icon bookmark-bicon bookmarkicon cameraicon checkicon chevron downicon chevron lefticon chevron righticon chevron upicon closeicon v-compressicon downloadicon editicon v-expandicon fbicon fileicon filtericon flag ruicon full chevron downicon full chevron lefticon full chevron righticon full chevron upicon gpicon insicon mailicon moveicon-musicicon mutedicon nomutedicon okicon v-pauseicon v-playicon searchicon shareicon sign inicon sign upicon stepbackicon stepforicon swipe downicon tagicon tagsicon tgicon trashicon twicon vkicon yticon wticon fm

India to out-trade America by 2050

India to out-trade America by 2050
Asian nations are on the rise with world trade, a new report says, and emerging markets in the east are expected to overcome advanced economies by the middle of the century.

A report release by Citi today projects that world trade internationally will grow to ten times what it was last year by 2050. It is expected to hit around $149 trillion in 2030 and $371 trillion in 2050.

Citi expects China to overtake the US to become the world’s largest trader by 2015 and will remain there until at least 2050, they predict.

The big surprise, however, is that India — not even in the top 10 of the largest world traders today — will make a leap towards the top. The report predicts that India will be the world’s second largest trader by 2050, knocking America down to third place.

“But at least as interesting as the growth in world trade that we forecast are the changes in its composition that we expect over the course of the next four decades, with today's emerging markets set to gain much more prominence in world trade relative to advanced economies,” reads a note from Citigroup’s William Buiter and Ebrahim Rahbari released today.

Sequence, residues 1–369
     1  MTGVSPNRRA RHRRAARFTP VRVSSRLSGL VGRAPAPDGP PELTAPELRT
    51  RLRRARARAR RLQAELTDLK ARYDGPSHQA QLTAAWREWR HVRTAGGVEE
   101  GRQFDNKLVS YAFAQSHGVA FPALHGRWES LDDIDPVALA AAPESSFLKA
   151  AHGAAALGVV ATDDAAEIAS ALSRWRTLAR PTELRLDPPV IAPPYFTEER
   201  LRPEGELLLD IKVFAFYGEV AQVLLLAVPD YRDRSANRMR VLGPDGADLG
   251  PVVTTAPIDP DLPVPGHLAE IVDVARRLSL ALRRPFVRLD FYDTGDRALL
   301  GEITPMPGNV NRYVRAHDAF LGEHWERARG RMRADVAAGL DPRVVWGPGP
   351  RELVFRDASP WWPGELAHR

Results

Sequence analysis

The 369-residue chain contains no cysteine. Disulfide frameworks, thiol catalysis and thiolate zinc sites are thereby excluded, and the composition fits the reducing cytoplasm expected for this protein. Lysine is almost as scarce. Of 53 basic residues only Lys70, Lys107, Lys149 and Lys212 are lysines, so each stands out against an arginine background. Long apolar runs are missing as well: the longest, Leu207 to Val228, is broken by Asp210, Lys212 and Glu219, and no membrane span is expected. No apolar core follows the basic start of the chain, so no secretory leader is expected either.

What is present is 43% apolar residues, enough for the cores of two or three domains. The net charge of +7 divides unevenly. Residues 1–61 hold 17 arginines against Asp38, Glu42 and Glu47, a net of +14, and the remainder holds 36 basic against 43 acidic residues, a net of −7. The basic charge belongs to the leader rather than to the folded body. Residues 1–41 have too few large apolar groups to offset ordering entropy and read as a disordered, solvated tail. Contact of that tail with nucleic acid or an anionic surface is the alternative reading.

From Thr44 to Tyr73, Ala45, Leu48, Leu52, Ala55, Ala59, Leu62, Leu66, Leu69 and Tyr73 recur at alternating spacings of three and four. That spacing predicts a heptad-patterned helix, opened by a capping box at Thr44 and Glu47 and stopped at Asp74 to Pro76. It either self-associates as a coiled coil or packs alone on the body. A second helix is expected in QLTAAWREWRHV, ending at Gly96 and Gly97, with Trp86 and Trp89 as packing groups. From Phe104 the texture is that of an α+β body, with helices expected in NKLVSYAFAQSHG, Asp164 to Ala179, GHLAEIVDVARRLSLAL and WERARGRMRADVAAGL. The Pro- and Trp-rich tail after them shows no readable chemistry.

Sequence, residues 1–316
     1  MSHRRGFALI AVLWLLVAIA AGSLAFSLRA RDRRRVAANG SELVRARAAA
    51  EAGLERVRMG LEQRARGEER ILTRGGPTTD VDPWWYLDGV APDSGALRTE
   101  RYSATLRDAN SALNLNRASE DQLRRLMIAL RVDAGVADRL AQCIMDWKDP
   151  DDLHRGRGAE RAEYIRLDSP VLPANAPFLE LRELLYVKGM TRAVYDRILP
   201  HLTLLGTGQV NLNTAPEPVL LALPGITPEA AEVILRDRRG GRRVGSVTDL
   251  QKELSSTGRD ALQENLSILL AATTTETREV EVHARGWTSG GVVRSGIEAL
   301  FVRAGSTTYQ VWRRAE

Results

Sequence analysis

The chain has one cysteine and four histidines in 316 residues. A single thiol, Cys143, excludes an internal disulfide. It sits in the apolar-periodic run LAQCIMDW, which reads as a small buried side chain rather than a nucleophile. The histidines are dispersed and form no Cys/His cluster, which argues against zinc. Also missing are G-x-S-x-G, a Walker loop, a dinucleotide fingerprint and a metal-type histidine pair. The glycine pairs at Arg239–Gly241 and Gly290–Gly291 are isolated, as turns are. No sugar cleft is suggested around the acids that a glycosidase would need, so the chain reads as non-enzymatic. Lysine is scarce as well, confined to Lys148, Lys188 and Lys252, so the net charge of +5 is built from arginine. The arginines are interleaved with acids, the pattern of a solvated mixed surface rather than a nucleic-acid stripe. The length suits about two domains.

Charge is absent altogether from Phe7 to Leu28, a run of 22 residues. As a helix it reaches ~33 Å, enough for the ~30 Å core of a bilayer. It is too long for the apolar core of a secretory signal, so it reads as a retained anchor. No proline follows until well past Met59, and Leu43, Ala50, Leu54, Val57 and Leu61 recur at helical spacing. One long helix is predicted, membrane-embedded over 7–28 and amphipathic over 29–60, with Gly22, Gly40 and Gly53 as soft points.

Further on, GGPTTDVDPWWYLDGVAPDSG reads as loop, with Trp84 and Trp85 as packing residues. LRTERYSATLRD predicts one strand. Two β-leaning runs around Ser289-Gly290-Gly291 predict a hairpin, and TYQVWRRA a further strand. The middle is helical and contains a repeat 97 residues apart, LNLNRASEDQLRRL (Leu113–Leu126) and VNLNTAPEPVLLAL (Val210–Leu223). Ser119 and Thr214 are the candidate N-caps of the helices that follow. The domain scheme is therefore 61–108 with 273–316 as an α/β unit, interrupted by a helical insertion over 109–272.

They predict that Asia will double its coverage in the trade market, noting that “Developing Asia accounted for 24 percent of world trade in 2010, but its share is expected to reach 42 percent by 2030 and 46 percent by 2050.”

As things shape up abroad, Citi predicts that elsewhere advanced economies will begin to dwindle in the trade game. Western Europe, accounting for 34 percent of world trade today, is expected to drop to 15 percent by 2050.

“Similar declines in relative trade shares as for Western Europe are projected for North America and Japan, despite healthy increases in absolute levels of trade projected for each one of these regions,” reads the report.

“In 2010, only two countries from Developing Asia featured in the top 10 (China and Korea), while five European countries were among the ten largest traders in the world. In 2050, we expect seven out of the ten largest traders in the world to hail from Developing Asia, with Germany the only remaining European constituent,” the Citi analysts wrote.